Book Review: Here Lies Hugh Glass, by Jon T. Coleman

Here Lies Hugh Glass: A Mountain Man, a Bear and the Rise of the American Nation, by Jon T. Coleman, Hill and Wang, New York, 2012, $28

Those readers familiar with frontier lore have likely heard of Hugh Glass. If not, author and American history professor Jon Coleman introduces the luckless mountain man in the brutal opening paragraph to his new book:

Hugh Glass nearly ended his days as meat. In August 1823 a female grizzly bear attacked him. She caught him as he scrambled up a tree, slicing a gash with a fore-claw from scalp to hamstring. She bit his head, punctured his throat and ripped a hunk from his rear. The bear tore him “nearly to peases” and actually swallowed a few mouthfuls before Glass’ associates shot and killed her. Expecting his hunter to die soon, Colonel Andrew Henry bribed two men to wait and bury the body. The expedition traveled on, and after six days the death watchers left, too, abandoning their comrade, who was still sucking breaths through a punctured trachea. Unable to walk, subsisting on insects, snakes and carrion, an enraged Glass crawled and hiked 200 miles to Fort Kiowa to kill those who had left him to die.

Glass stands apart in the pantheon of American frontiersmen. The facts are astonishing, his ordeal unimaginable. His is the ultimate survival story, the epitome of endurance—and it is not the subject of this book. “There’s not much left of this man,” the author readily admits. “He contributed one letter to history. He spoke to people, but the writers who tracked him through twice-removed conversations only disfigured him further with their literary ambitions, calling him America’s Odysseus, a laughable honorific for a working-class guy whose major talent, accident proneness, made him more Homer Simpson than Homeric.” With that, Coleman steps out on a limb thinner than the one from which Glass hung like a piñata. It’s a happy place for this deft writer, who uses the oft-told tale of Hugh’s horrific mauling to frame a discussion on the role of frontier mythology in the rise of American exceptionalism.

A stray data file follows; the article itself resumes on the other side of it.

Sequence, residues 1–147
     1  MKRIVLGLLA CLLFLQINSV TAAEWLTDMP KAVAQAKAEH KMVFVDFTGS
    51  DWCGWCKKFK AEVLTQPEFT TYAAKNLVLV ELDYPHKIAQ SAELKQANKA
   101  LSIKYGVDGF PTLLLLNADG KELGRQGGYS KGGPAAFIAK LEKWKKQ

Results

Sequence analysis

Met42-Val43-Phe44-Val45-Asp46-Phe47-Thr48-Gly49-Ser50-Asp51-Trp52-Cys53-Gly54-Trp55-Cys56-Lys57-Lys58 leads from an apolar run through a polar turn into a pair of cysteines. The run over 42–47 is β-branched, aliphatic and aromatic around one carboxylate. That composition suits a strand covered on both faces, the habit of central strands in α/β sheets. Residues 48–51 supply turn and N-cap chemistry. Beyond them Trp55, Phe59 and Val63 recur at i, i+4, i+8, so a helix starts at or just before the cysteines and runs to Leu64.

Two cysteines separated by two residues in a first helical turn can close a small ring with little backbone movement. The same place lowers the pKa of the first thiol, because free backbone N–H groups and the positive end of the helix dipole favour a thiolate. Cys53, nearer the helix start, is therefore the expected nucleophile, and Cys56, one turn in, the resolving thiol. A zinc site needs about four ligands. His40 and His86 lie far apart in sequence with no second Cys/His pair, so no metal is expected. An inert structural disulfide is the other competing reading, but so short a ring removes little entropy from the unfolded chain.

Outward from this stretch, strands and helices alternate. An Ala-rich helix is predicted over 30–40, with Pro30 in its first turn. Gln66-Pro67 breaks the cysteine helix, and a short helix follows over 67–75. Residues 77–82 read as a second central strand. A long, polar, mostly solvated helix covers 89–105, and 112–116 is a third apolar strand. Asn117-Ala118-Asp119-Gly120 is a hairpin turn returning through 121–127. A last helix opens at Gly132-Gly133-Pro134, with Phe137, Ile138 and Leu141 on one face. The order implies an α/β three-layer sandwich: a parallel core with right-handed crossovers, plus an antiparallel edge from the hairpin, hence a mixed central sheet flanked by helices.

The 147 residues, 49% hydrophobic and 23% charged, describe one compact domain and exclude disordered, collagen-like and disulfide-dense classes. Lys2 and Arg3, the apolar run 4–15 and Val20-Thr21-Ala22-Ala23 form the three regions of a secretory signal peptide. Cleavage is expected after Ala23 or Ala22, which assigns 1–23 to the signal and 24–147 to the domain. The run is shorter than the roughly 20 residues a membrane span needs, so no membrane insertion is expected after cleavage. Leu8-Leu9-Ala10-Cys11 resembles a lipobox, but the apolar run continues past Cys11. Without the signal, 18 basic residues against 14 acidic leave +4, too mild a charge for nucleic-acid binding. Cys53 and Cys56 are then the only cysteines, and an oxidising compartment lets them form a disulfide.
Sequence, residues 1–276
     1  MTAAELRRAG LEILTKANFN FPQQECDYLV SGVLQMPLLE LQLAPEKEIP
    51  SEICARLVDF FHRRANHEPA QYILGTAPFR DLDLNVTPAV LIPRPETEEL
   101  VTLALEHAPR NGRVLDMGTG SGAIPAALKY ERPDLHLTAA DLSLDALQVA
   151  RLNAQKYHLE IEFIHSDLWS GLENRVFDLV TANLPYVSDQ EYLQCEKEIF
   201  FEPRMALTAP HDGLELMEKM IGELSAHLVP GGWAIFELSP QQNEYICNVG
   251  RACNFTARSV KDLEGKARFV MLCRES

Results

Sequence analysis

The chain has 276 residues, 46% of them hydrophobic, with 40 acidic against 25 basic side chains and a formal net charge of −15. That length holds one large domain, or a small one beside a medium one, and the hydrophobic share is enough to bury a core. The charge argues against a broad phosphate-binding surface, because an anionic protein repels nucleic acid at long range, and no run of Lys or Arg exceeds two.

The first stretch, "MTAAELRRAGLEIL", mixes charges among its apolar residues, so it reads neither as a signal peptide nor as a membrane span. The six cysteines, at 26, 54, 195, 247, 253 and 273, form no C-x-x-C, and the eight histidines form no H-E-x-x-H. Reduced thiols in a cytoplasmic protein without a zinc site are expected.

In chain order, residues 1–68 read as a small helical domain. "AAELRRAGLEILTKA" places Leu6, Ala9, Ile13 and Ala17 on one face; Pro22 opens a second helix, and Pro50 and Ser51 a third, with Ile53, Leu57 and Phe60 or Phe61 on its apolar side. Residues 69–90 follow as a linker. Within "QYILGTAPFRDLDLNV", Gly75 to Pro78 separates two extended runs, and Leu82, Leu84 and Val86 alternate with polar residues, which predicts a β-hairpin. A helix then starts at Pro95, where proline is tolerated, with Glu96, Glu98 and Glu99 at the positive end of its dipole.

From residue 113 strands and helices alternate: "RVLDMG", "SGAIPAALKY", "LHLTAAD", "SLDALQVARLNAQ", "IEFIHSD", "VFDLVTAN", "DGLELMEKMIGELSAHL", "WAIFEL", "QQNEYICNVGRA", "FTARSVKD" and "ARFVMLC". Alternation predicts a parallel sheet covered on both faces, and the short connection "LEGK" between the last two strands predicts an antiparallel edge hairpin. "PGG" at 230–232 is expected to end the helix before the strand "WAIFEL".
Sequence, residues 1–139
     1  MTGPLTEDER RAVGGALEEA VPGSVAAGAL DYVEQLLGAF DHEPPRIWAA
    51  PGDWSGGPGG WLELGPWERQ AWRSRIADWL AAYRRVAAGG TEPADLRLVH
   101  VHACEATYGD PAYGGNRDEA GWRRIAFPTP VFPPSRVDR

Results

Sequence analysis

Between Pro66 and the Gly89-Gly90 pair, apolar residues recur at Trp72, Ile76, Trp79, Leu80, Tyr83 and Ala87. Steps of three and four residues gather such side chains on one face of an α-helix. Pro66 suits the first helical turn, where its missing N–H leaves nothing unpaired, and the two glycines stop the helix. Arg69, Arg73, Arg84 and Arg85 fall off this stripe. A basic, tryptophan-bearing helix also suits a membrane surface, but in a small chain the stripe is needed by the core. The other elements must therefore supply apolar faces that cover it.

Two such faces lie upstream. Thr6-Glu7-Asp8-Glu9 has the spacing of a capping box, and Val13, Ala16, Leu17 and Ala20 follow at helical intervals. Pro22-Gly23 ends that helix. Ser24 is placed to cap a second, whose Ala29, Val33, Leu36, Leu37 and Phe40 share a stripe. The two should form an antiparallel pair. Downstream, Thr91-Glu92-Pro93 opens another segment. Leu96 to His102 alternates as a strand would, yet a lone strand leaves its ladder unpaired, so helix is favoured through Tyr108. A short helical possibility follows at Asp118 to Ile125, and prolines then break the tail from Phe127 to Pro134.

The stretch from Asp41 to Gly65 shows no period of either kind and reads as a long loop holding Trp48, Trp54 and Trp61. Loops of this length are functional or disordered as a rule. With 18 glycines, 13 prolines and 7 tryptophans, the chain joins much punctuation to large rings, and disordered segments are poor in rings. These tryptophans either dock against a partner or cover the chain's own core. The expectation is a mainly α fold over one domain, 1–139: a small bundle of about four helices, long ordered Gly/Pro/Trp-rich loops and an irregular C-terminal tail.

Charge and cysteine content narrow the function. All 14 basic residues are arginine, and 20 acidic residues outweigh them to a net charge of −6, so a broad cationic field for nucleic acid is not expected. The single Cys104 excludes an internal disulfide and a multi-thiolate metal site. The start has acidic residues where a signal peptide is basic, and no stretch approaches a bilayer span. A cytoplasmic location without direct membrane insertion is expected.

The legend of the mountain man and the bear spread like a prairie fire, first surfacing within a couple years of his attack in an 1825 Philadelphia literary journal under the title “The Missouri Trapper,” by frontier writer James Hall. Through Hall’s prism, Glass became a romantic figure, a member of that “hardy race” of backwoodsmen, who “manfully endured” his struggle with “the grim king of terrors.” Others followed to reimagine Glass, among them poet John G. Neihardt, with his 1915 heroic epic The Song of Hugh Glass; author Frederick Manfred, with his 1954 historical novel Lord Grizzly; and director Richard Sarafian, with his gritty 1971 film adaptation Man in the Wilderness, starring Richard Harris as Zach Bass.

“How do you explain the astonishing sticking power of a historical wisp who grabbed headlines for withstanding occupational hazards?” Coleman asks in his irreverent tone. The short answer is the shaping power of myth. “Watching, hearing and reading may sound like passive forms of aggression next to scalping and cannibalism,” the author muses, “but consumers thrust themselves into the conquest of the region through the Westerns they bought. Americans exaggerated the exceptionalism of the West in order to appropriate and incorporate it into their nation.…The West kept the nation spry. Hemmed in by ancient boundaries, European nations grew decadent, old and sickly. Forever young, always on the move, the United States of America radiated health, vitality.” And “restless edge dwellers” like Glass, suggests Coleman, enabled storytellers “to dramatize the painful rebirth of America out West without exposing the citizens of the United States to actual discomfort.”

Certainly, Americans continue to live vicariously through their heroes, albeit a largely softer variety. Coleman, too, joins the “parasitical chain” and feeds on Glass—and why not? It is a gripping story, one that fascinates and repulses like all great survival epics. Given his ambitious treatise, though, Coleman is prone to wander in the wilderness. At the end of one especially ambulatory chapter that strays from the 1820s Missouri River expeditions to Shakespearean drama, Herman Melville’s satire and the stirrings of Western fiction, Coleman himself admits, “I’ve come a long way from Hugh Glass.” He manages to crawl back on course, taking some interesting detours along the way.

So, whatever happened to Hugh Glass? For starters, he didn’t “kill those who had left him to die,” just chewed them out, if you’ll pardon the expression. He narrowly escaped hostile Arikaras in 1824 but fell victim to other Arikaras in 1833. He was 53—an old man by frontier standards.

—Dave Lauterborn

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